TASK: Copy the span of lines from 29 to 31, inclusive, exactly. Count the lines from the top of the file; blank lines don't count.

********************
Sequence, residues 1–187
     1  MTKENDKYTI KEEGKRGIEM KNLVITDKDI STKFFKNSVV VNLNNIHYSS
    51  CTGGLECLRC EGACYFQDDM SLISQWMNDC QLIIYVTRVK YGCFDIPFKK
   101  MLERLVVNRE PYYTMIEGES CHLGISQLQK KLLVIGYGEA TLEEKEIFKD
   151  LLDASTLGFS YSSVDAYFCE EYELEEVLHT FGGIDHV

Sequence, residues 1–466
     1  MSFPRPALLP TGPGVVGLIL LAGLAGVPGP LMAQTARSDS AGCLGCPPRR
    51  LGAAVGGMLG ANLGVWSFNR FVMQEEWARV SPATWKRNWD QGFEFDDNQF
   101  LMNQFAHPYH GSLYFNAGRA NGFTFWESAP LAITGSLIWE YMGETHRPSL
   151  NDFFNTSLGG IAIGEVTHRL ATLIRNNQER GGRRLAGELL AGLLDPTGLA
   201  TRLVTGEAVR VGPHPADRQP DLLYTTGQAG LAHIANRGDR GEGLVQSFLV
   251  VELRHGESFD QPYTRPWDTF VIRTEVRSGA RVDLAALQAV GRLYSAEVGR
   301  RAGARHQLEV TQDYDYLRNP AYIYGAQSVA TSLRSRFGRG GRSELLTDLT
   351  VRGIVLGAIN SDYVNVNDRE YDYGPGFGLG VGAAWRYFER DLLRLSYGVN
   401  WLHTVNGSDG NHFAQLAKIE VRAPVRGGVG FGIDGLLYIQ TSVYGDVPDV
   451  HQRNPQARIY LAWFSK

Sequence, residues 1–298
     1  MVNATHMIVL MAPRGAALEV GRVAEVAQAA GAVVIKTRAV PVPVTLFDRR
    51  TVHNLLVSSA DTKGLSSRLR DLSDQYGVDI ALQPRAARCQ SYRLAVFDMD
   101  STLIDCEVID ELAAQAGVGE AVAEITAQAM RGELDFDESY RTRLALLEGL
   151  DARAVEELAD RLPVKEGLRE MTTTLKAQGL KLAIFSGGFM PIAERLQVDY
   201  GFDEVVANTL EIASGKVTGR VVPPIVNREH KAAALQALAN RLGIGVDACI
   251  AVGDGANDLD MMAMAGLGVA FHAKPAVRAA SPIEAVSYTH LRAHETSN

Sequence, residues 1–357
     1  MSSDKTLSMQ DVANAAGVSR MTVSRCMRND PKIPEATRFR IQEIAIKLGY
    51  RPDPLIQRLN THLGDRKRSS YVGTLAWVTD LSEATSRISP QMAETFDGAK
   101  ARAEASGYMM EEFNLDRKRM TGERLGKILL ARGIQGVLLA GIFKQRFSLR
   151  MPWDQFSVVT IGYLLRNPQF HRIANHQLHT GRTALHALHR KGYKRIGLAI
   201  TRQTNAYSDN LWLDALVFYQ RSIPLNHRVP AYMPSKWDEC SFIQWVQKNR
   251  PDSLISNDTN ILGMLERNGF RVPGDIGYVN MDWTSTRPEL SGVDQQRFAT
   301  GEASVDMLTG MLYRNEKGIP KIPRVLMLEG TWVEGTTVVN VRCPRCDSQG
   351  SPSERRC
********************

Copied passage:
   201  TRQTNAYSDN LWLDALVFYQ RSIPLNHRVP AYMPSKWDEC SFIQWVQKNR
   251  PDSLISNDTN ILGMLERNGF RVPGDIGYVN MDWTSTRPEL SGVDQQRFAT
   301  GEASVDMLTG MLYRNEKGIP KIPRVLMLEG TWVEGTTVVN VRCPRCDSQG